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A Short History..
Trinity College Dublin was founded in 1592, and in its early years one of its prime tasks was teaching Irish (Gaelic) to intending clergymen. Gradually, the college settled down into a programme of study very similar to that found all over Europe, with much stress on Latin and Greek.
In the eighteenth century - one of the highpoints both of the College's and the country's history - two chairs of modern languages were founded by Provost John Hely Hutchinson in 1776 (year of the American War of Independence): one of French and German, and one of Italian and Spanish. These were the very first official chairs of modern languages anywhere in the world. Thus, a great part of the college's scholarly effort has been devoted to language learning, since its inception.
Currently, the Faculty of Arts Letters has courses involving a total of 19 Modern Languages and Classics. Former students of the College's language departments occupy leading positions in universities all over the world, and some, like Samuel Beckett, have achieved literary pre-eminence.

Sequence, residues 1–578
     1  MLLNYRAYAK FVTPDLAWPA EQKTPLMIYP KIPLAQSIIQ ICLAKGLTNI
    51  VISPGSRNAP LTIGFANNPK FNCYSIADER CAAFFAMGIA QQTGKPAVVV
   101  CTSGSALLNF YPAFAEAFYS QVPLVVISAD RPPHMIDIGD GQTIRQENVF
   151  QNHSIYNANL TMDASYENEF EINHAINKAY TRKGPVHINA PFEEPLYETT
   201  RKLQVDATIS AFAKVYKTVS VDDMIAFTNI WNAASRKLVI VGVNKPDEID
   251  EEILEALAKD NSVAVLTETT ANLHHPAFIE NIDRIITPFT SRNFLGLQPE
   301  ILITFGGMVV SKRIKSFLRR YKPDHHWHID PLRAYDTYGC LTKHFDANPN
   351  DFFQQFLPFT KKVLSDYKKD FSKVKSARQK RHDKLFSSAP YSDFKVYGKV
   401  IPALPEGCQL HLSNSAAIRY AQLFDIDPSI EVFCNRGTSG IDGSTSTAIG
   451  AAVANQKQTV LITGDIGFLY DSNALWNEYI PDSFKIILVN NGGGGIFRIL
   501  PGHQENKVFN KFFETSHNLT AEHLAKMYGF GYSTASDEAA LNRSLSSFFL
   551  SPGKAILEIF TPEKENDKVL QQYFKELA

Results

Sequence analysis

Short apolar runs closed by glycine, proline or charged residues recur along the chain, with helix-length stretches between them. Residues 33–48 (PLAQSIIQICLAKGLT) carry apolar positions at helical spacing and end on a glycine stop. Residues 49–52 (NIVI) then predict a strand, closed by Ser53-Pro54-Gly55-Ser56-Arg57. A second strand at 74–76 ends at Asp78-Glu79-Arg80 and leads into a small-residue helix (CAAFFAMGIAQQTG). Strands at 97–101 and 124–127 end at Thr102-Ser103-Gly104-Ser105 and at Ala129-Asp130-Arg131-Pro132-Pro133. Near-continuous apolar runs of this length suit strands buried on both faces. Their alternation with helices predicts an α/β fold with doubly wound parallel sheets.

The aim of the Literary Translation MPhil course is to bring together in an interdisciplinary framework the expertise which has developed in the university's language departments over a period of centuries, and to create a unique programme for practitioners, future practitioners and students of the art of translation. The target language is English, and currently we work with the following source languages: French, Italian, Spanish, German, Russian, Czech, Latin and Greek The programme is taught by experienced lecturers, and guest translators, and features a seminar in which students present and discuss their own work.
The illustration above shows a detail from the Book of Ballymote, a fourteenth-century Irish manuscript written in Ballymote Castle, County Sligo, and containing genealogical, topographical, biblical and hagiographical mterial as well as a key to the Ogham alphabet. The Book of Ballymote also has versions from Latin of the Destruction of Troy and the History of Philip and Alexander of Macedonia. Reproduced by kind permission of the Royal Irish Academy. For full-page view click hereback to top